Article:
Monday, 4 June 2012

Jubillee Bun Throwing

Bun throwing in Abingdon-on-Thames dates back to 1761, although original penny cakes were tossed as opposed to the modern-day hot-cross-buns.

The most recent of these events took place yesterday, as Britian celebrated the Queen's Diamond Jubillee.
It was tipping it down with rain when I arrived in the market place. This, however, didn't seem to have dampened the spirits of the people of Abingdon, who turned up in their masses equipped with brollies and coats.

At about ten to 6, the melodic tunes of a brass band playing The National Anthem were heard floating across the crowds. A small group of voices reluctantly joined in the refrain, peetering out to a well-rehearsed choir as the lesser known 2nd verse began.

Just before 6pm the mayor appeared, accompanied by town dignitaries and the winners of the first ever bun-throwing championships. The crowds cheered as they peered up through the sea of umbrellas, waiting for the main event to start.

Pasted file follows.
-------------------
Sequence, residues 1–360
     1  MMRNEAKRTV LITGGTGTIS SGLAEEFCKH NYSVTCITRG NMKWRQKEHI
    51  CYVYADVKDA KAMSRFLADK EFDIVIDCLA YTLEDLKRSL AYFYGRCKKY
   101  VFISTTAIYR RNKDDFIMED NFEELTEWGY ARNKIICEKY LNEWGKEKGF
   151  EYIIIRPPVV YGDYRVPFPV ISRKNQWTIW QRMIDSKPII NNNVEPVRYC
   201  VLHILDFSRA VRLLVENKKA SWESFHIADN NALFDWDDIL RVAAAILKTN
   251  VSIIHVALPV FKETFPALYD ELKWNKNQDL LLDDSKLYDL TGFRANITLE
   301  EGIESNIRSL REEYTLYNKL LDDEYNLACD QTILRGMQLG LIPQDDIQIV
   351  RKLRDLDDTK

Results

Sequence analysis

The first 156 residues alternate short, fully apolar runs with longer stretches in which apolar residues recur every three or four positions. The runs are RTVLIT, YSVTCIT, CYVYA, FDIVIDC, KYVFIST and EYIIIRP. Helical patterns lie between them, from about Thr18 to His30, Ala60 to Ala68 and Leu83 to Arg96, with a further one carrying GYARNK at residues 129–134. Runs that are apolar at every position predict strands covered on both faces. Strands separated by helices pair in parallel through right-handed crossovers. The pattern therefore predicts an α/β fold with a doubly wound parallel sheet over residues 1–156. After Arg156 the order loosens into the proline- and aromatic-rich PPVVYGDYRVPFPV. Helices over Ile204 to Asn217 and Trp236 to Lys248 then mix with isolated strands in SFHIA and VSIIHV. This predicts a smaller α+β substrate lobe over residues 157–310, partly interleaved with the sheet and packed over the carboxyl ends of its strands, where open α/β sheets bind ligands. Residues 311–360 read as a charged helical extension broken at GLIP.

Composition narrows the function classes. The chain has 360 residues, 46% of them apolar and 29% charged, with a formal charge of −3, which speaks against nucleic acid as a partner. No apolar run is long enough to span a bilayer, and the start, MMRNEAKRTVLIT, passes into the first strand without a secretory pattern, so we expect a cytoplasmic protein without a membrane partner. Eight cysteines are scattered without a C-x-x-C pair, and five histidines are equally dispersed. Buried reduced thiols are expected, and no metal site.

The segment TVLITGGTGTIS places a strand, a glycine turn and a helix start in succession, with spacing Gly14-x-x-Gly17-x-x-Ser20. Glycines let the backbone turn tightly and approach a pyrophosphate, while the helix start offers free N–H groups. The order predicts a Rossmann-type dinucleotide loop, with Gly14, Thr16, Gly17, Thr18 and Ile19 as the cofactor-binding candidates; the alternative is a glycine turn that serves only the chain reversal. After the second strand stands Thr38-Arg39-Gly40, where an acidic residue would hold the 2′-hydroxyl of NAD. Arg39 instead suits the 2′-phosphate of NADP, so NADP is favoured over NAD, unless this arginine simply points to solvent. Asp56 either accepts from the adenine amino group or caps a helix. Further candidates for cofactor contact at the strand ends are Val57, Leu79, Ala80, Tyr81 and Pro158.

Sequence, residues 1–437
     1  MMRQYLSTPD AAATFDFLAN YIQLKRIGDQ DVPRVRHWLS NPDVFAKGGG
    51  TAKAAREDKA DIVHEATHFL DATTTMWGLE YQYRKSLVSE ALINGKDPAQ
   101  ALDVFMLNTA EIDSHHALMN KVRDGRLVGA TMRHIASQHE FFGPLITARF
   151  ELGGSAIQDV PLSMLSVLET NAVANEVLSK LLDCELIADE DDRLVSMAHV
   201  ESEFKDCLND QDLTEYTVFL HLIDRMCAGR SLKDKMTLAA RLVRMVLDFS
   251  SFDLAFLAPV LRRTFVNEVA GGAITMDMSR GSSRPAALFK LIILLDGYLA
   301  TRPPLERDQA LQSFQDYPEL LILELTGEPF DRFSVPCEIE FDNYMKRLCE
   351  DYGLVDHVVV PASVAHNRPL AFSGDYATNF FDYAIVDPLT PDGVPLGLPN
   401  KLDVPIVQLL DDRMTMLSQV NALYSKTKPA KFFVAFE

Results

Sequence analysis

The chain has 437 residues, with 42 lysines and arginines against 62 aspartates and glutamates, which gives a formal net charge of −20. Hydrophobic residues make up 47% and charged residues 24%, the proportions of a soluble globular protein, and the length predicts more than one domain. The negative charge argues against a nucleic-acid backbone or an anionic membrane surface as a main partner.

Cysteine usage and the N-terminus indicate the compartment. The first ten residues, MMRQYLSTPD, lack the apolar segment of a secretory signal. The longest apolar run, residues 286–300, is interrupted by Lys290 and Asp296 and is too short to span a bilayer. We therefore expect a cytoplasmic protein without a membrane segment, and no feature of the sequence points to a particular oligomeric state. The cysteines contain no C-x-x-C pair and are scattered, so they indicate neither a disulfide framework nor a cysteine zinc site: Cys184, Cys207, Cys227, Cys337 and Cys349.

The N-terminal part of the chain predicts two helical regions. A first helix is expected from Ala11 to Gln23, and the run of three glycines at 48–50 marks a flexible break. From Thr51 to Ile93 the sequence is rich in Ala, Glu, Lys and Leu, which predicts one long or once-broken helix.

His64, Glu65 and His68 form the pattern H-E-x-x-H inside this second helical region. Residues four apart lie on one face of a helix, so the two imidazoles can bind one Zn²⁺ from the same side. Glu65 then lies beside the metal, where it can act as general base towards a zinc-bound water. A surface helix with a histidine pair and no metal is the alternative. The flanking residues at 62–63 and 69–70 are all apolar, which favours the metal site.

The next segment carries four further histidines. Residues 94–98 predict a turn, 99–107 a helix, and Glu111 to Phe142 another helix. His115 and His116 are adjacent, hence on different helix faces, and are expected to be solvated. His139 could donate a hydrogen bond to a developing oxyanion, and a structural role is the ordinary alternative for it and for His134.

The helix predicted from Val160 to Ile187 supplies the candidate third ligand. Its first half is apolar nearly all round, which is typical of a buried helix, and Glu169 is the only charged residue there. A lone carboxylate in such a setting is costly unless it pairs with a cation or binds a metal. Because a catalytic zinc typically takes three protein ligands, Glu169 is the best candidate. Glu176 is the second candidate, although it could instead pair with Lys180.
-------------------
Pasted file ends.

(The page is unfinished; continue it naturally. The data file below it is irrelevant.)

Then, as the hour approached, to the masses delight the mayor threw the first bun. Umbrellas collapsed, as arms reached high into the sky to catch the treats. Other turned their rain-defenders upside down and used them to to try to collect more of the falling objects. The presence of the bun-throwing champions (and a catapult) seemed to help the buns to fly, as they not only got as far as the back of the crowd but also bounced off nearby buildings.

As always, it was a great tradition to observe and be a part of. I'm looking forward to to seeing the exhibitions of historic buns which is said to be one of the new exhibits in the soon to be newly-refurbished Abingdon Museum.


  1. I think I'd rather eat the bun than throw it. I'm a big believer of keeping up traditions, even the slightly odd ones.

    1. I did see one young lad eating the bun he had caught. They're usually quite hard though (and pretty gruby)- I don't think I'd like to eat them.